Strike a pose and possibly avoid surgery
I love research that shows conservative treatments—rest, diet and exercise—to be as effective (or more!) than drugs and surgery.
So when I ran across this article, “9 exercises to rehab a torn ACL without surgery,” I wanted to pass it on.
There are approximately 150,000 anterior cruciate ligament (ACL) tears a year, most of which need to be fixed surgically. However, new research at the Hospital for Special Surgery (HSS) in New York City found that about 25 percent of the ACL injured population does not need to undergo surgery because partially— and,
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Learn how to sit properly
As someone who spends a lot of time sitting at a desk, and who has a family history of arthritis and back problems, I am always concerned about taking care of my spine.
I recently discovered a great series of YouTube videos by Esther Gokhale (pronounced go-CLAY), known as “the posture guru of Silicon Valley.”
As she explains in this introductory video:
In modern society, we have forgotten how to use our bodies, and we suffer a lot of aches and pains and dysfunction because of that.
But the good
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This is my first guest post! Matthew Morris is a therapist in New York. He provides clinical interventions that help motivate clients, and he also runs a site dedicated to helping students and career changers get started as nurses.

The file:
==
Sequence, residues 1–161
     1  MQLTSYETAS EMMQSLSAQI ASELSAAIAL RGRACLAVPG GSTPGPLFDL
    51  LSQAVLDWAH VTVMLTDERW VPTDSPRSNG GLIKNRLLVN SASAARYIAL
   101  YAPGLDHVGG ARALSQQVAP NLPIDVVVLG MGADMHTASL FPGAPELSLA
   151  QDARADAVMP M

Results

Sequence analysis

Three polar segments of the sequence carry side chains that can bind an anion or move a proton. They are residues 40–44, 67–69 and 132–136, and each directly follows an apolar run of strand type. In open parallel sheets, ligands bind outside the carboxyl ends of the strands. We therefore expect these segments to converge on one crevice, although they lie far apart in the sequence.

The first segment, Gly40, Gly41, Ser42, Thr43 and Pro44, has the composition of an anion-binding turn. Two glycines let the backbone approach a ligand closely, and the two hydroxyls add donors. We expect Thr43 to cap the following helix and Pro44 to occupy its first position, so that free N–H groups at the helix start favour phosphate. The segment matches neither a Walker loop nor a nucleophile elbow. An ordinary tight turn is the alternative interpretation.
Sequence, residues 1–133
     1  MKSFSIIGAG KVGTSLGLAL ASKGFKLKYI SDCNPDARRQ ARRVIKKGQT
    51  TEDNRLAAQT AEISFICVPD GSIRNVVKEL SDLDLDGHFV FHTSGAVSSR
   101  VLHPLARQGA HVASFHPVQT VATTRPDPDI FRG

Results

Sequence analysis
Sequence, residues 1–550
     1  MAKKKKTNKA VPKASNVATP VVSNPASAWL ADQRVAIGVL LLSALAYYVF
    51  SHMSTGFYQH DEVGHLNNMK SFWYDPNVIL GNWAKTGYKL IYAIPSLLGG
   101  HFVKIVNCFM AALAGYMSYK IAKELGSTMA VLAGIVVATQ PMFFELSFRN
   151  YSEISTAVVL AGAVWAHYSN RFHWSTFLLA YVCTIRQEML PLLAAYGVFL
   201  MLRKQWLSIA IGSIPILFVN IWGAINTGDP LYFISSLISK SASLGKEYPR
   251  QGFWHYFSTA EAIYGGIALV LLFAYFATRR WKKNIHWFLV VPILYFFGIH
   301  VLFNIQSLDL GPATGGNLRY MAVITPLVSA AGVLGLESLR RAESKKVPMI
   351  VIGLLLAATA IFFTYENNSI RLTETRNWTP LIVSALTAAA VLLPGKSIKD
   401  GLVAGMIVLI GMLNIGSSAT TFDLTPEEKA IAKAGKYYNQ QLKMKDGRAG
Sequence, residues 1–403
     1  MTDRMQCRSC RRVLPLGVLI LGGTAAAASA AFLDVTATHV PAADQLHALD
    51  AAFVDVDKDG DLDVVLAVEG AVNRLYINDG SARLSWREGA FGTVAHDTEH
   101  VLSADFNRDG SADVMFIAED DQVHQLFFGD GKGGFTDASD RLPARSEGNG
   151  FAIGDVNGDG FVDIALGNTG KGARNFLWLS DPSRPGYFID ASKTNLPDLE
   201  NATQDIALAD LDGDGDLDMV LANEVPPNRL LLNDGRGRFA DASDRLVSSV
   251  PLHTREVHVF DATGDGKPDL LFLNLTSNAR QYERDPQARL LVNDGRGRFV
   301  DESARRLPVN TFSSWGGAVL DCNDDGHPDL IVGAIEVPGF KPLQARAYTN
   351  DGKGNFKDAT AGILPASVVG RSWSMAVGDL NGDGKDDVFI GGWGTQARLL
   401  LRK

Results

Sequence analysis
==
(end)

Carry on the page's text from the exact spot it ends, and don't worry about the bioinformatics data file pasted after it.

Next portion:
I think his motivational tips tie in beautifully with my recent post “New year’s resolutions: Exercise.” With proper motivation and fitness goals, you will maintain healthy habits, save money, and have fun!
Thank you, Matthew!
As a counselor who has a strong personal interest in physical fitness, I am always fascinated by the “psychological tools” people use to attain their … Continue reading
If you don’t like it, you won’t do it
I am not an athlete and I don’t like to exercise. As a child I was the classic kid with her nose in a book, always choosing to sit quietly in the library during recess while the other kids played dodge ball and tag, or swung on the monkey bars.
So invariably over the years, my new year’s resolutions have focused on forcing myself to exercise more.
I do it, but I don’t like it.
And because I don’t like it, I can be really creative in finding an excuse—any excuse—to … Continue reading
Tech takes a toll on eyes
I’ve done it again. For way too long I’ve sat hunched in front of my computer without taking a break, and now my eyes burn, my vision blurs, my head aches, and my neck . . . ouch!
Of course I know better. Prolonged use of your eyes, such as working at a computer, reading, driving or playing “Words With Friends,” can cause eyestrain. And in our technology-centric world, eyestrain is pretty hard to avoid.
Symptoms of eyestrain include:
- Sore, tired, burning, itching, dry or watery eyes
- Blurred vision, difficulty focusing